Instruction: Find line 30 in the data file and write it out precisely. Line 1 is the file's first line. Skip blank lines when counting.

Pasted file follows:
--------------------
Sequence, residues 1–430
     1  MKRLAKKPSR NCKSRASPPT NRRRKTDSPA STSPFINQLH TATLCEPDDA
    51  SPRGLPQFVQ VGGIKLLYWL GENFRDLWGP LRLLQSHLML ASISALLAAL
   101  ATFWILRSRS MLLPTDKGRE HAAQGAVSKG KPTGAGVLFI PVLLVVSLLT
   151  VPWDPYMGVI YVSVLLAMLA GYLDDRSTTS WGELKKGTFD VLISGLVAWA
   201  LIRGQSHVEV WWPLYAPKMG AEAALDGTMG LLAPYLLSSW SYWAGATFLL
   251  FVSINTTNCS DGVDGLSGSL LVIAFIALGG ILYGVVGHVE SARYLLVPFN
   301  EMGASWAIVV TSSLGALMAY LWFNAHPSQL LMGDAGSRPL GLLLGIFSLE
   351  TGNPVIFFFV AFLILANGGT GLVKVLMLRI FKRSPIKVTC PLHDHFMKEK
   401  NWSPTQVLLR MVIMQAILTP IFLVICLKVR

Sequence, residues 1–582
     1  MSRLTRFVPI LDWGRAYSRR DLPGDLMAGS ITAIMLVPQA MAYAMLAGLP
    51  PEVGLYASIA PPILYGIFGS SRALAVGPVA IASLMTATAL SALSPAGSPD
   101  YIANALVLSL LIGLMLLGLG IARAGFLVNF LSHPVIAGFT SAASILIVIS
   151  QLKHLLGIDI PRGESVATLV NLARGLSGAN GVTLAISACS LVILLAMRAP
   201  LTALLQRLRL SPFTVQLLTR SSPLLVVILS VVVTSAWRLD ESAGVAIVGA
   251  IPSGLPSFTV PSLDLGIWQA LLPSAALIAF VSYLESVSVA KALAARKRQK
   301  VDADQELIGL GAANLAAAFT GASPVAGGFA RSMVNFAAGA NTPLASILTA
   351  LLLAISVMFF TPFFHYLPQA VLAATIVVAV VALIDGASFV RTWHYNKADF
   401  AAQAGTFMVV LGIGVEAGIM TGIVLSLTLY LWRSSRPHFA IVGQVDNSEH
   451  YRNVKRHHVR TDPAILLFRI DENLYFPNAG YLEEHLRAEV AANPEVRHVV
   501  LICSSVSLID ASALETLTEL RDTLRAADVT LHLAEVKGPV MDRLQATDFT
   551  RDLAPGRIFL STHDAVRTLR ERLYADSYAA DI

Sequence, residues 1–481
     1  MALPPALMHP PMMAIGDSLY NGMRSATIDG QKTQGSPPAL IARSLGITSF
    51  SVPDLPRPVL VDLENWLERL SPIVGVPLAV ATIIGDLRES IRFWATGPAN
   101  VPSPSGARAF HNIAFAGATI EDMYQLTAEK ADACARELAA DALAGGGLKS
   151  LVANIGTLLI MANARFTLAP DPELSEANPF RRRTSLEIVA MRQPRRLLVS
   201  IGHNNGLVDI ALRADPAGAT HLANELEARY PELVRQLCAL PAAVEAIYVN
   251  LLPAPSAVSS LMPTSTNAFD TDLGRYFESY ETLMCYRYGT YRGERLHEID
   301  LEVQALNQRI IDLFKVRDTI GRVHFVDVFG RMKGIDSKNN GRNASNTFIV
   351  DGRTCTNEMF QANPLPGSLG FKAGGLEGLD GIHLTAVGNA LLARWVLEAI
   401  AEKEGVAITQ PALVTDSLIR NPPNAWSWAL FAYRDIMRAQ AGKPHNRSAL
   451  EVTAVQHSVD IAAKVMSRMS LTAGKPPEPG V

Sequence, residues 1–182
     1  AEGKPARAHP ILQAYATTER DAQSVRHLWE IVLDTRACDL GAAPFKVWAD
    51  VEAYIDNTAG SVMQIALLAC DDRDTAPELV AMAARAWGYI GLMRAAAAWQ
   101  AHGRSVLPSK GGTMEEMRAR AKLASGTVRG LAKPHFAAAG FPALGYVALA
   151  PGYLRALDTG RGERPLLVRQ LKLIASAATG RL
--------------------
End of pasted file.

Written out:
   251  LLPAPSAVSS LMPTSTNAFD TDLGRYFESY ETLMCYRYGT YRGERLHEID